Kim Davis, the county clerk who’s been married four times but has steadfastly refused to allow same-sex couples marriage licenses because “that searing act of validation would forever echo in her conscience,” has once again been told to STFU and do the job she was elected to do. And, once again, she is refusing.
According to USA Today, Davis filed a petition with the Supreme Court several days ago, asking for them to stop forcing her to issue marriage licenses and violate her religious freedom. She also asked the Court to at least let her refuse licenses during the appeals process. The court has politely said, “Hell no.”
Davis’ petition, which is likely the first of at least several challenges to the Supreme Court’s June decision on same-sex marriage, comes after she tried but failed to get her perceived constitutional right to bigotry protected by a district court—a request quickly denied, as was her appeal. However, Christ appears to be still compelling Kim Davis to keep her conscience clean by way of shirking her job duties.
Of course, Kim Davis’ conscience should already feel unclean. She’s an Apostolic Christian, a denomination that believes in literal interpretation; thus, according to the Bible’s teaching, she might reasonably have been stoned to death years ago by her community because, as the Apostolic Theological Seminary points out, “God hates the separation of husband and wife.” God also forbids his followers to pass judgment on others, as well as to marry non-believers. There’s a lot of stuff that God forbids, actually, that Kim Davis seems happy to ignore.
Even though Davis’ emergency request to not be allowed to issue marriage licenses has been denied, Yahoo News reports that she is, remarkably, continuing to deny marriage licenses. Her husband says she’s received death threats, and has in turn vowed that if anyone shows up to his house to bother his wife they will meet their maker much sooner than expected.
Joe Davis [...] says he’s not afraid, and he believes in the Second Amendment.
He said: “I’m an old redneck hillbilly, that’s all I’ve got to say. Don’t come knocking on my door.”
Davis’ husband thinks of her as somewhat of a Biblical hero:
Joe Davis compared his wife to the biblical figures Paul and Silas, sent to prison and rescued by God.
He pointed to the gay rights protesters gathered on the courthouse lawn and said: “They want us to accept their beliefs and their ways. But they won’t accept our beliefs and our ways.”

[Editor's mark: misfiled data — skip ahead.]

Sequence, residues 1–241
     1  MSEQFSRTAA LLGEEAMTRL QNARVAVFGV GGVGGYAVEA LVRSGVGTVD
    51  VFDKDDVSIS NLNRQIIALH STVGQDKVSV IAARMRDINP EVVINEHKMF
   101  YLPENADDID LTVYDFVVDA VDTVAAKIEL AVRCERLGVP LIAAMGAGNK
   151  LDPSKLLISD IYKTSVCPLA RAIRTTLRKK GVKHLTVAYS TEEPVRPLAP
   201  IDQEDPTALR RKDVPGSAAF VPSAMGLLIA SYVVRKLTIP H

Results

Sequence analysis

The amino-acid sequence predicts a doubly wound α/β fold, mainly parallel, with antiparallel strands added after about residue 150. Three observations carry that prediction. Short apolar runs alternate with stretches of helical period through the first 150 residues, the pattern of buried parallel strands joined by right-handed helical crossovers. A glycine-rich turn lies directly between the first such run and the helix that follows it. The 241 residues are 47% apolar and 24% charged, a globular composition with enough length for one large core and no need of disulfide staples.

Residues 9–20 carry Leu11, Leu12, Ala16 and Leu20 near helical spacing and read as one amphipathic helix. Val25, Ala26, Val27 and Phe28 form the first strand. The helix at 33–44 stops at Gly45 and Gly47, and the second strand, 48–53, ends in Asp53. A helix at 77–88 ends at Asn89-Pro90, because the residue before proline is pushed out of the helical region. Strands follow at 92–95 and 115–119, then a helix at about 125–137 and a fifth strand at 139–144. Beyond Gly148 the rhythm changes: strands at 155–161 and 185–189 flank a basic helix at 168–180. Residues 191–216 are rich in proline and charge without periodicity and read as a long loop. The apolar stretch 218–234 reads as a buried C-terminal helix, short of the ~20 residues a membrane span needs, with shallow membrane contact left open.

Of course, anyway, that’s not what’s happening. No one is saying that Davis has to believe in gay marriage; what the courts (and the people) are saying is that as a publicly elected official she has to follow the laws. If she can’t do that, the obvious move is to step down: really believing in this righteous discrimination should at least mean that she is willing to forgo her job security for it.
Instead, Kim Davis is standing firm, arguing that there are other places where a couple could get married in Kentucky; why can’t they stop bothering her? From Yahoo:
...Kim Davis emerged from her office Tuesday morning after some couples were denied the licenses. She asked David Moore and David Ermold, who’ve been rejected four times, to leave. They refused, surrounded by reporters and cameras.
Ermold said: “We’re not leaving until we have a license.”
Davis responded: “Then you’re going to have a long day.”
Davis’ supporters whooped from the back of the room: “Praise the Lord” and “stand your ground.”
Others shouted that Davis is a bigot and told her: “Do your job.”
Davis’ lawyers, Liberty Counsel, have put out a statement denouncing the decision to refuse her request for a reprieve on her job duties. They state that reasonable people would have accommodated Davis by any number of ways, including creating an entirely new “statewide, online” system for marriage licenses.
One more thing: It’s recently been revealed that Davis married a couple of which one member is transgender in February. What will Davis do about this union? And what will she do about the countless adulterers and people who have committed crimes that she has likely married during her tenure as the county clerk?
A call to the county clerk’s office was met only with a busy signal, although it’s unclear whether that’s because too many people are calling or because the office has taken their phone off the hook. We’ve reached out to Davis’ legal counsel, but have yet to hear a response.
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